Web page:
Wednesday, June 18, 2014

The 1826 House at No. 246 West 10th Street

The street level door was originally a horse-walk; a tunnel-like passage to the rear yards.

In 1825 the rush of new residents into Greenwich Village had been underway for about three years.  Panicked by the yellow fever epidemic that was decimating the city to the south, New Yorkers fled to the rural village and a building boom ensued.

Builders Isaac, Charles and Jonathan Hatfield took advantage of the opportunity.  That year they purchased twelve plots of land from Richard Amos and within the year Isaac A. Hatfield began construction on No. 246 West 10th Street.  It would be the first of seven houses that wrapped around the corner of Hudson Street, terminating at No. 510 Hudson.

The two and a half story house was intended for the family of a worker or shop keeper.  Clad in a warm orange brick laid in Flemish bond, it featured simple brownstone lintels, a brick basement and handsome doorway.  The paneled door was framed by fluted columns that sat against wood carved to imitate rusticated stone.  Hatfield cleverly turned the stone stoop to the side; an attractive and space-saving innovation.
Handsomely caved columns sit against wood pretending to be stone blocks.

The yards behind the rowhouses of the 1820s and ‘30s customarily held small houses, shop buildings or stables.  To solve the problem of accessing these structures “horse walks”—essentially tunnels between the houses—were incorporated.  As Isaac Hatfield began work on the near-matching house next door at No. 250 West 10th Street, he included a shared horse walk.  The jump in addresses between No. 246 and No. 250 was accounted for by the small building in the rear; Nos. 248.

Among the owners of No. 246 throughout the years was the Hart family.  In 1865 son G. B. Hart’s name was pulled in the lottery that drafted young men into service for the Civil War. 

A charming sketch depicts No. 246 and 250 in the Victorian times.  The horse walk is, appropriately, being used to bring a horse from the rear yard.  Basement entrances run under the stoops and decorative iron guards embellish the transoms above the doors.  from In Old New York by Thomas A. Janvier, 1894, (copyright expired)
Reflecting the influx of Irish and Italian immigrants into Greenwich Village toward the turn of the century was James Gribbon.  Gribbon proudly listed his roots as “native of Ireland, County Derry, Parish of Glenullar.”  He died in the house in 1903.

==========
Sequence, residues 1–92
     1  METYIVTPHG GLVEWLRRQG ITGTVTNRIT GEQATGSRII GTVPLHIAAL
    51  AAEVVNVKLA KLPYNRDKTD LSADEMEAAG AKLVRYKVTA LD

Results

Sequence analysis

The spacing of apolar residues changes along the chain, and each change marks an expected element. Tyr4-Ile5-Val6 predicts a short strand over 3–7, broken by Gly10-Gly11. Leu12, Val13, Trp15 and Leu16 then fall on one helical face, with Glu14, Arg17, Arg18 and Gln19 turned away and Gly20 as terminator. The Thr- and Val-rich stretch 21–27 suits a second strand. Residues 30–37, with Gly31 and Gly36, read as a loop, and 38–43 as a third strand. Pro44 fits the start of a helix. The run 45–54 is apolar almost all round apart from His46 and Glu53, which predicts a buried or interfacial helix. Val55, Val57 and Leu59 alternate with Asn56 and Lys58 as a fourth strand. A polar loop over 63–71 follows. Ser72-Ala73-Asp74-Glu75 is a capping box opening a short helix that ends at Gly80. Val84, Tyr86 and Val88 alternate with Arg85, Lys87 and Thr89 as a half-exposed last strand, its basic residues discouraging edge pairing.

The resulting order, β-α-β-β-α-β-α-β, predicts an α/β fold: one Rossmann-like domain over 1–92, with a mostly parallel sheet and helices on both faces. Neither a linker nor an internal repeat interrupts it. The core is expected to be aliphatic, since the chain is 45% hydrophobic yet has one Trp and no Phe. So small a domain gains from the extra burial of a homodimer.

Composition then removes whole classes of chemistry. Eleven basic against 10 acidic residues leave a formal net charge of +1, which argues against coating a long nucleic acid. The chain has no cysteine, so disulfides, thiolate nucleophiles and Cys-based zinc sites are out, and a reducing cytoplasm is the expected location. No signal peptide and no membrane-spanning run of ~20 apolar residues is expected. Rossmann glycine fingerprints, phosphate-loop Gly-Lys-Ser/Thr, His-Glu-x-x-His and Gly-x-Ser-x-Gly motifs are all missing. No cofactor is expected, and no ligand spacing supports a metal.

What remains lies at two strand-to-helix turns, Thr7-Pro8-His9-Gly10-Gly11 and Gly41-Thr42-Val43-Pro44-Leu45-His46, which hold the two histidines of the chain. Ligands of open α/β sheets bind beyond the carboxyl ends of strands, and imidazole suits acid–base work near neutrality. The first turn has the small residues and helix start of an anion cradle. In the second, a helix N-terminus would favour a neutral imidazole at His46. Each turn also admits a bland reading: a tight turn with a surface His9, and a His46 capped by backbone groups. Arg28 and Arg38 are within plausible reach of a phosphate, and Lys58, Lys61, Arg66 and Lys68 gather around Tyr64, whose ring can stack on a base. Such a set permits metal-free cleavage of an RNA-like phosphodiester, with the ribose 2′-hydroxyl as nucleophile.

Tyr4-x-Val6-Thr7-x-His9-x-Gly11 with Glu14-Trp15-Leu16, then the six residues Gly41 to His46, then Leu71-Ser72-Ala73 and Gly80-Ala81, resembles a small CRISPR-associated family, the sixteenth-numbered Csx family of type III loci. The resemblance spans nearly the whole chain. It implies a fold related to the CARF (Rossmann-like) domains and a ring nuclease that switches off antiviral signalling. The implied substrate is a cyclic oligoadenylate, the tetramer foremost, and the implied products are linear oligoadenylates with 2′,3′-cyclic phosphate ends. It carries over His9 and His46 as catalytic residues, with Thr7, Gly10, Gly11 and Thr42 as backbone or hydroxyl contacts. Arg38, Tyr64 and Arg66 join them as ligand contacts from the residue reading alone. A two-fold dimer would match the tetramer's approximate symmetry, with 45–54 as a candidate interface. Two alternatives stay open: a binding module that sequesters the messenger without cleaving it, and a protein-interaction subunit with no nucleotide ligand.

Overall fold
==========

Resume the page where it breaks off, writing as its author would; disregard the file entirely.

As was the case of many Village houses around this time, No. 246 became a boarding house.  It suffered abuse and neglect at the hands of its owner until, on April 18, 1910 the Special Proceedings Against Tenement Houses listed it as “unfit for human habitation.”

The requisite repairs and improvements were made and No. 246 continued to be rented out as furnished rooms.  Two of the tenants here at the outbreak of the Great Depression were 36-year old Manuel Amor and his friend, 24-year old Arthur Touhy.

On July 28, 1928 the pair met up with another friend, 26-year old Brooklynite William Whalen and headed for Coney Island for a good time.  The good time ended with a raid on Hennesseey’s Cabaret there early in the morning of July 29.

Things had gone terribly wrong for Manuel Amor when his two friends teamed up with bar employees Peter Kelly and William McLaughlin, and owner Frank Hennessy against him.  Police crashed into the bar to find Amor beaten and robbed of $240 and suffering from a possibly fractured skull.

His assailants were arrested and held on $5,000 bail each awaiting hearing.  Assuredly, domestic tranquility in the hallways of No. 246 West 10th Street was strained thereafter.

In 1949 the house was converted to apartments—one spacious apartment per floor except the second, which was divided into two.  The charming house with its sizable apartments now attracted an entirely different sort of tenant.  Small brick century-old homes were sought after by well-to-do New Yorkers lured by the chic atmosphere of the Village

One such tenant was Tove Dithmer who lived here in 1957.  That year her socially-noticeable engagement to William G. Osterberg was announced.  On May 1 The New York Times reported “Announcement has been made here by Mr. and Mrs. Svene E. Dithmer of Paris, formerly of New York, of the engagement of their daughter.”

The bride-to-be was an alumna of Abbot Academy in Andover, Massachusetts and had attended Connecticut College and graduated from Columbia College.  Osterberg, a former United States Marine, had grown up in Long Hill, Connecticut .  Their wedding took place later that month in Paris.

In 1993 the house was converted again, this time to two duplex apartments.  But when it sold in 2013 for $2.7 million, it was once again a single family home.  The restored home, once deemed “unfit for human habitation,” is exceptionally charismatic and iconically Greenwich Village.

photographs by the author

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